Reports coming out of this mountainous region suggest that anywhere between 300 and 3,000 people from the municipalities of Toribio, Miranda, Argelia and Corinto have been seen loading their belongings into suitcases and boarding every available bus out of town.

According to the Army, the FARC uses such tactics in geographically hard-to-reach places in this region. By launching attacks, the rebels hope to draw government attention away from their actual priority — which is to move their fighters safely from one place to another.

The department of Cauca and all of southwestern Colombia remains on high alert as the Armed Forces have allegedly launched various missions aimed at pushing the guerrillas back.

Terrorized town gets a presidential visit

On July 10, Santos flew down to Toribio with Pinzón in tow, to view the war zone and reassure the region’s citizens.

The president’s rushed visit almost backfired since reports in national newspapers El Tiempo and El Espectador claim that explosives had been placed on the town’s soccer field, close to where the presidential helicopter was scheduled to touch down. These explosives were then detonated securely and the president’s meetings took place as scheduled — but the government’s successes were marred by the crash of an Air Force Super Tucano plane in the mountains near Jambaló, just 12 miles from Toribio, killing both pilots aboard.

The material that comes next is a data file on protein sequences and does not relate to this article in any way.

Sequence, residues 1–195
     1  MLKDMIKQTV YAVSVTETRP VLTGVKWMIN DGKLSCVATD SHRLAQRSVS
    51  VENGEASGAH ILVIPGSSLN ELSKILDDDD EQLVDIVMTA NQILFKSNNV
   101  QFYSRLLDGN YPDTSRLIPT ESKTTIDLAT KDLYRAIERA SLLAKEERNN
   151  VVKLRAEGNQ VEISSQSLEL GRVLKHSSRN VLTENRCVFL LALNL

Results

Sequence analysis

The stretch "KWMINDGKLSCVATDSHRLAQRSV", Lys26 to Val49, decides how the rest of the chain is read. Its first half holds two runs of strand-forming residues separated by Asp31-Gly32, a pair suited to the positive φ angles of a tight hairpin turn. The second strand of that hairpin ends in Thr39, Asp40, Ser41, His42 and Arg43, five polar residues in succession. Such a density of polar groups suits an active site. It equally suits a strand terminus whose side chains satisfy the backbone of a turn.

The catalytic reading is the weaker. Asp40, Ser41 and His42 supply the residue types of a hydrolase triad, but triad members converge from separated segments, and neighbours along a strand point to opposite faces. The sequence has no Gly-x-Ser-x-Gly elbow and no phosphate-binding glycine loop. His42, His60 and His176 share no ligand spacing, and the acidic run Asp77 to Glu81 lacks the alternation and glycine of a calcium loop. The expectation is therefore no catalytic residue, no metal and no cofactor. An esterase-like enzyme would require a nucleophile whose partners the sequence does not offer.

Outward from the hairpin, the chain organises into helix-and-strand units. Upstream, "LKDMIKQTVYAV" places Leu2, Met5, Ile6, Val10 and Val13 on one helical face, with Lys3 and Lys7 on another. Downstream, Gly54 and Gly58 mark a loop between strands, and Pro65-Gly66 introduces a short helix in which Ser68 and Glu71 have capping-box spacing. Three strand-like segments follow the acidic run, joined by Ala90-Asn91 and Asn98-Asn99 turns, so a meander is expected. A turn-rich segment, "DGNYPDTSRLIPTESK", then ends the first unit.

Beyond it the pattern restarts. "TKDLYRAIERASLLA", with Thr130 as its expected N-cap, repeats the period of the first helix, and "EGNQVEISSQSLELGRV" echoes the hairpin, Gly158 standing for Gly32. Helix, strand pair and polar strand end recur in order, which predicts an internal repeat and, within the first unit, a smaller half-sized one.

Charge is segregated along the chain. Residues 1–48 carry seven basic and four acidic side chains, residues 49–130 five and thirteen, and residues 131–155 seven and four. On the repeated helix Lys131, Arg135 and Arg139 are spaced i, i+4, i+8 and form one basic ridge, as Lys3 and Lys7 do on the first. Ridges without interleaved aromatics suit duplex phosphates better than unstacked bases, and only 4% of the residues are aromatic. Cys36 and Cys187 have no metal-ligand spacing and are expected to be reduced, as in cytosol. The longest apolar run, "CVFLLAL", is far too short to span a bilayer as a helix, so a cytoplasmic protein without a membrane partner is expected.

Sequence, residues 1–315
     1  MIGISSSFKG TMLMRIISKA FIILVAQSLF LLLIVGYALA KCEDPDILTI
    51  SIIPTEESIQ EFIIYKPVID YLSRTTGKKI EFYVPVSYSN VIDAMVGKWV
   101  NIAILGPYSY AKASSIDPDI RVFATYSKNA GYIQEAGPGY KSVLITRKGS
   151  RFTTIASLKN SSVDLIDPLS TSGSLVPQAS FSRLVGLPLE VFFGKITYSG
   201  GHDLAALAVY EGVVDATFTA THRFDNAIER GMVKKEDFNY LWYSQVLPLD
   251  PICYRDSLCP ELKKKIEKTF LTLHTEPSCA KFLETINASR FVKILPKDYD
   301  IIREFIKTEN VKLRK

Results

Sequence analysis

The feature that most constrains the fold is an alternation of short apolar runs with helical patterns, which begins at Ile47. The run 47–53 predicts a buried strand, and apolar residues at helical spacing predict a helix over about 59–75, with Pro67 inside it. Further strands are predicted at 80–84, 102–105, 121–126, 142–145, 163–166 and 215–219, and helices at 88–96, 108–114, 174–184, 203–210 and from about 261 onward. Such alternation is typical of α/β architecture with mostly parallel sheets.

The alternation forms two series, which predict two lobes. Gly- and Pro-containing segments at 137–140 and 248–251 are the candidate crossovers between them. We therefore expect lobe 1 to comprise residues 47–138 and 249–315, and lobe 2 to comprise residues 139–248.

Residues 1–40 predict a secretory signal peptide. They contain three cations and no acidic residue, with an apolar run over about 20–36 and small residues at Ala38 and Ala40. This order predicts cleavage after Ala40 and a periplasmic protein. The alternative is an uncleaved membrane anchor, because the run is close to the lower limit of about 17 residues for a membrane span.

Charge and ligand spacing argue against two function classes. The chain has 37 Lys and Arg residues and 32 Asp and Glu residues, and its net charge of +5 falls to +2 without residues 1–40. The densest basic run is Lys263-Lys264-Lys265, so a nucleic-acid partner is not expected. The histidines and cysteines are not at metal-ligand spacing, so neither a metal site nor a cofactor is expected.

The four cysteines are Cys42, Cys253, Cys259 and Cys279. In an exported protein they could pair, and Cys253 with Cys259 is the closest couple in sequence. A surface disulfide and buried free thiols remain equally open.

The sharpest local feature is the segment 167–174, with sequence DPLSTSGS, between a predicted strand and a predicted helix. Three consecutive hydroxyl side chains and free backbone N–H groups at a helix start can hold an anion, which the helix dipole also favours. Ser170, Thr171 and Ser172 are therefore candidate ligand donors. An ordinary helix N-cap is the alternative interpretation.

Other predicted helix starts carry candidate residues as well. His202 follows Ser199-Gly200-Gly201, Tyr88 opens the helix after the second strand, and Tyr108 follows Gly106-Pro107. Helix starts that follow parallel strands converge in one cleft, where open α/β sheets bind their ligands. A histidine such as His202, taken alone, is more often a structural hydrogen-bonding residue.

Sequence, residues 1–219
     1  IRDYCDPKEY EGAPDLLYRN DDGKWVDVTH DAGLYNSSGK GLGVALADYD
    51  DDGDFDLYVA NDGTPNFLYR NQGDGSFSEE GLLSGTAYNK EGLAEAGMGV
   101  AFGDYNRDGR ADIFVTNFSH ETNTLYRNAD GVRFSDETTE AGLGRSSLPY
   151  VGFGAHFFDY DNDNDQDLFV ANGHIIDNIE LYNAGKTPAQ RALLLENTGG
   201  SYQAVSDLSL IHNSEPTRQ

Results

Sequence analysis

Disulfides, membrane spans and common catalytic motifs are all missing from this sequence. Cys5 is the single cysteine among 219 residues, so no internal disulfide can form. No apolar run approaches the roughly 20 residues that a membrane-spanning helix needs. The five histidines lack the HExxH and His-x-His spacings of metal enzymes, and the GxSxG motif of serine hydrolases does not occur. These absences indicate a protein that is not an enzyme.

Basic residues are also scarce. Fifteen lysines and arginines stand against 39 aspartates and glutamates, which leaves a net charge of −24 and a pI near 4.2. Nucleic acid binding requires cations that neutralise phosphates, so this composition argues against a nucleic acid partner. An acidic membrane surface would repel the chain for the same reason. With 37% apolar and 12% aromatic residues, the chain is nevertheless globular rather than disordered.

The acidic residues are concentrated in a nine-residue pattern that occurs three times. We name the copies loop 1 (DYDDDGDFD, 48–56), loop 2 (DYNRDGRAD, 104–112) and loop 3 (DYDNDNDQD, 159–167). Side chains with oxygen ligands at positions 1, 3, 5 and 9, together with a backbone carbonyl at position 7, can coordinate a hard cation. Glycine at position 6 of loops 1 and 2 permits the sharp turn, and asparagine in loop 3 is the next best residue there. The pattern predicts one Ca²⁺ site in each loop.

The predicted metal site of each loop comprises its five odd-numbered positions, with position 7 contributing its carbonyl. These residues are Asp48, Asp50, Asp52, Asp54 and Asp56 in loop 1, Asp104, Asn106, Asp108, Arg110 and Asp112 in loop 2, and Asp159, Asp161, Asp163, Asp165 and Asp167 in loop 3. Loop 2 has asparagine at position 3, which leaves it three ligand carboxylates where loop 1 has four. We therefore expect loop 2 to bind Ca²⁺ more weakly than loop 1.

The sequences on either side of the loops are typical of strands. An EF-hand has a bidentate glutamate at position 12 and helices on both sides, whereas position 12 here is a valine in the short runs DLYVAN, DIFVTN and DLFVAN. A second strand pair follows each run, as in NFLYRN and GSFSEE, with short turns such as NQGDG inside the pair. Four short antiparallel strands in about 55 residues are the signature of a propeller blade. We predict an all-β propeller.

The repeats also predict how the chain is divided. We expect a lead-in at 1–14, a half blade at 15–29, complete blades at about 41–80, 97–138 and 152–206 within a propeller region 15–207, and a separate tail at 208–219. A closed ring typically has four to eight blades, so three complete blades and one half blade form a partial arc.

“Unfair as it might be, the Cauca of today reminds Colombians of a time when the FARC controlled large swathes of the country,” said Howlett.

While the inhabitants who have remained in Toribio have not heard the sound of gunshots in two days there are the telltale echoes automatic weaponry off in the distance.

“These are the gunshots of the government forces repelling the FARC,” said Gen. Sergio Mantilla San Miguel, commanding officer of the Colombian Armed Forces. “The army is present, as is the air force and the police, and we are here for the Colombian people.”